The former broker reportedly never disclosed a real estate venture that was worth $1 million
James Randall Clay was notified by the Financial Industry Regulatory Authority (FINRA) in October of last year that he was the respondent in a complaint. The allegations against him involve an elderly client, a large real estate deal, and a possible misappropriation of funds.
The events that led to the complaint began when Clay allegedly decided to buy 49 rental properties for $1 million from a client of his firm, who at the time was 86 years old. The client reportedly also agreed to finance Clay’s purchase and give him a loan for $500,000 to make repairs and upgrades to the properties.
Without telling his member firm about his actions, Clay reportedly created a company and began collecting rent from tenants, which he deposited in his personal bank account. Clay also allegedly liquidated almost $500,000 worth of securities in his elderly client’s account to fund the loan he had been given.
Clay never received the loan, however, because the client’s son found out what was happening and made a complaint to the firm about Clay’s acquisition of the properties. When Clay’s firm investigated, the complaint alleges, he lied to a supervisor, saying that he wasn’t involved in any outside business activity. Clay reportedly claimed that it was his sister who was buying the properties and he was only facilitating the purchase. Clay repeated this to FINRA in both written responses and recorded interviews. His firm at the time – U.S. Bancorp Investments, Inc. – discharged him after these allegations were brought to light.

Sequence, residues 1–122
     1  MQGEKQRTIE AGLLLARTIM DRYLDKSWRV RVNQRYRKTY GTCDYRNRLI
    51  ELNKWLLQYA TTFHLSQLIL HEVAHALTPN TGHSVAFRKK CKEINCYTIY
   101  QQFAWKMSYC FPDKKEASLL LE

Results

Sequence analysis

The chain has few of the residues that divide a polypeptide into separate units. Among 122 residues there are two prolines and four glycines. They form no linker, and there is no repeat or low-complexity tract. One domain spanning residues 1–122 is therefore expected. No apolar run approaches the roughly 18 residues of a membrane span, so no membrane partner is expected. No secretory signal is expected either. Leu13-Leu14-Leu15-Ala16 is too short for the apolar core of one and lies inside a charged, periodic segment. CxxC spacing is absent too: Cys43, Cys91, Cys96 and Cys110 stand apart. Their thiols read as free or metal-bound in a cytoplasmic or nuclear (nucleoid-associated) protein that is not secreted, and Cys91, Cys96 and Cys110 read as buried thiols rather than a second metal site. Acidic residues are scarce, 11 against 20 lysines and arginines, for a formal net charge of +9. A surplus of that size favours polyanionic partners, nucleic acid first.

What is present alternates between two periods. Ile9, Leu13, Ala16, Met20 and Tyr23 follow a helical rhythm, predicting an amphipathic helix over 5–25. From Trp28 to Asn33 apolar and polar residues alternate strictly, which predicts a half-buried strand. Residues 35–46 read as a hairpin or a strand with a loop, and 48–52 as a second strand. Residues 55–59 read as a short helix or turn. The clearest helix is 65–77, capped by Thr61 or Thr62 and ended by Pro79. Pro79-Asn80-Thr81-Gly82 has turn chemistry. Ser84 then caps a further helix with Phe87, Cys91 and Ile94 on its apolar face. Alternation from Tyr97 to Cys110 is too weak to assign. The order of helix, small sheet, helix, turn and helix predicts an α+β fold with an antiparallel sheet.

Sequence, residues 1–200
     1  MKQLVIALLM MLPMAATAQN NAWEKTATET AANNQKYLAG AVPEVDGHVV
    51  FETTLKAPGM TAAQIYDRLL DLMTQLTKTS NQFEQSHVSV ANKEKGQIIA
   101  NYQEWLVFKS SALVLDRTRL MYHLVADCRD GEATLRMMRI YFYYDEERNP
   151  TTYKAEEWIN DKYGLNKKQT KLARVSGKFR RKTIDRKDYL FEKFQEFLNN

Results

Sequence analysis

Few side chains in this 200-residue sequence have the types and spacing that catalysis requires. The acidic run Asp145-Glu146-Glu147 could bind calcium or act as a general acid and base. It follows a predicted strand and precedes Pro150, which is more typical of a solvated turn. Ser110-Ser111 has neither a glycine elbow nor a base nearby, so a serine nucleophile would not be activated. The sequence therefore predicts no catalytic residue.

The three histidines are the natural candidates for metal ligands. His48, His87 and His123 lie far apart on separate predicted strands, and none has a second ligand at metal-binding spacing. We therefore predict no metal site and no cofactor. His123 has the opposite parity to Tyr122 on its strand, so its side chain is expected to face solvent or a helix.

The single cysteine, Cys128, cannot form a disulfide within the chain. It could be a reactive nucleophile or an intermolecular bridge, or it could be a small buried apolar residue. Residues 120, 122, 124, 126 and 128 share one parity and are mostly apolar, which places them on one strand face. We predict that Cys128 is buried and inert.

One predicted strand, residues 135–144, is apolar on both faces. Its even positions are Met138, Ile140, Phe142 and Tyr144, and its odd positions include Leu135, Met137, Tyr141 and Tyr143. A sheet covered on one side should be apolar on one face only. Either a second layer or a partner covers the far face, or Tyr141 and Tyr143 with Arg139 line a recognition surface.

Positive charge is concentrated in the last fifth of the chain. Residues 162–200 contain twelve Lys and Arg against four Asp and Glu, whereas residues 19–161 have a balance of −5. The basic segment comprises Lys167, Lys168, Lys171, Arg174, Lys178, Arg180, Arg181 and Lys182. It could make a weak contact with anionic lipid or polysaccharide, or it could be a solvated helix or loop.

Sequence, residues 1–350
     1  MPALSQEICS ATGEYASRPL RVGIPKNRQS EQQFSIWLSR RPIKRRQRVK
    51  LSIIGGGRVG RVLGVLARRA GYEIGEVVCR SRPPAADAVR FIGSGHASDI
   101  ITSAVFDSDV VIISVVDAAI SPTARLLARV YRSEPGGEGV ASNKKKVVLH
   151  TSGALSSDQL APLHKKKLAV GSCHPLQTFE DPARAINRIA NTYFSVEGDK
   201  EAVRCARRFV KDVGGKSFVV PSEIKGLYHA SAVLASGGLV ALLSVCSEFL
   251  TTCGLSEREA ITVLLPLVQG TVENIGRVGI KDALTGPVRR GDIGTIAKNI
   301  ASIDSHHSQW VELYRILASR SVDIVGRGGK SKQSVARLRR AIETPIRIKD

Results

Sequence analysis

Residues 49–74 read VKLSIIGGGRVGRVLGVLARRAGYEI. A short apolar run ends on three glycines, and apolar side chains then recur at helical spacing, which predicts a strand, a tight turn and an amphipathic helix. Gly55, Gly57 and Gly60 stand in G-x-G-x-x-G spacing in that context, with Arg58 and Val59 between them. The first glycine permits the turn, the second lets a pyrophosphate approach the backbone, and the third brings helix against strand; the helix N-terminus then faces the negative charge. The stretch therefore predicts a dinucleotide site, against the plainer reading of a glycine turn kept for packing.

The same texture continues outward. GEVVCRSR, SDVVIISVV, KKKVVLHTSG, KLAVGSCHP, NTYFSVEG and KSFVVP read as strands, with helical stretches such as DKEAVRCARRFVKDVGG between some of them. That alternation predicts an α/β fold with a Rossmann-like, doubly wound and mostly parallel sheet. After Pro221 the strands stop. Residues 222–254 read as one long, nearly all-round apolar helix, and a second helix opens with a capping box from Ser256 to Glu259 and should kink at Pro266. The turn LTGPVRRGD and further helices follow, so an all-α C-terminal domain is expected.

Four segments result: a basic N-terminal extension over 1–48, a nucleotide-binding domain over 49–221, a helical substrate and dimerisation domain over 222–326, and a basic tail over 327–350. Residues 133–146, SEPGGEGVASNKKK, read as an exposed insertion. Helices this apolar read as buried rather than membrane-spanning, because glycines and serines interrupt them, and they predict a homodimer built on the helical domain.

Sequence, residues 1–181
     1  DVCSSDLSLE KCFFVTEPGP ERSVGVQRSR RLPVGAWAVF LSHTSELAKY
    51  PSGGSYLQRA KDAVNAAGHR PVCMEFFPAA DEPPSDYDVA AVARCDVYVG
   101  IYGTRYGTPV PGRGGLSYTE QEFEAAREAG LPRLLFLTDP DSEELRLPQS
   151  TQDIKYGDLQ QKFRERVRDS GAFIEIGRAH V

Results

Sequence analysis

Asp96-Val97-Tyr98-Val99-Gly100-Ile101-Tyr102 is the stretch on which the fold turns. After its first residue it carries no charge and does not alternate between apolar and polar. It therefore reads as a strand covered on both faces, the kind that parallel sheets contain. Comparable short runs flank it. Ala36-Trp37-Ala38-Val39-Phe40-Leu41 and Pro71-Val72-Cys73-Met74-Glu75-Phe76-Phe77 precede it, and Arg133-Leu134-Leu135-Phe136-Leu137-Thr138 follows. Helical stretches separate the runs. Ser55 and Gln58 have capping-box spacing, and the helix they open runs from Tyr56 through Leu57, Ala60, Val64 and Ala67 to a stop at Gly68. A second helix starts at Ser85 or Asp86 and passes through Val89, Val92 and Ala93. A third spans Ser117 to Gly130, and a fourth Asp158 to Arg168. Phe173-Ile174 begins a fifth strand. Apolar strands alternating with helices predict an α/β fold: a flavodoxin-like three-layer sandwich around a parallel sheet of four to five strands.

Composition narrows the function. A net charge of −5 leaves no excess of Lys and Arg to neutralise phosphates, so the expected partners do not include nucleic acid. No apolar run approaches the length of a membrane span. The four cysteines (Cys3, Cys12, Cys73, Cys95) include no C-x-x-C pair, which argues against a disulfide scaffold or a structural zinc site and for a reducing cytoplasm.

In addition to U.S. Bancorp, Clay worked for two other firms in his seven-year career, all in Clarksville, TN: Edward Jones and CUSO Financial Services, L.P. Currently, Clay is not a registered broker. More information about him and the pending FINRA complaint can be found in his BrokerCheck report.
The growth of elder financial fraud
The allegations against Clay, unfortunately, are not uncommon. Unscrupulous financial brokers and advisors prey on elderly clients for a couple of different reasons. First, often they can be a little too trusting and may automatically assume someone has their best interests in mind. Also, in some instances, an older person may lack the ability to fully understand or consent to a transaction.
The other unfortunate aspect of this type of elder abuse is that it regularly goes unreported. The victim or their family may not feel like there’s anything they can do. If you find yourself in this situation, you need to take action. Through FINRA arbitration, you may be able to reclaim lost funds if the loss is due to a violation of financial industry regulations. To find out how an elder financial fraud attorney can help you, get in touch with the Silver Law Group. We’ll discuss the arbitration process and give you all the information you need. Call our office toll-free at 800-975-4345 or contact us through our online form.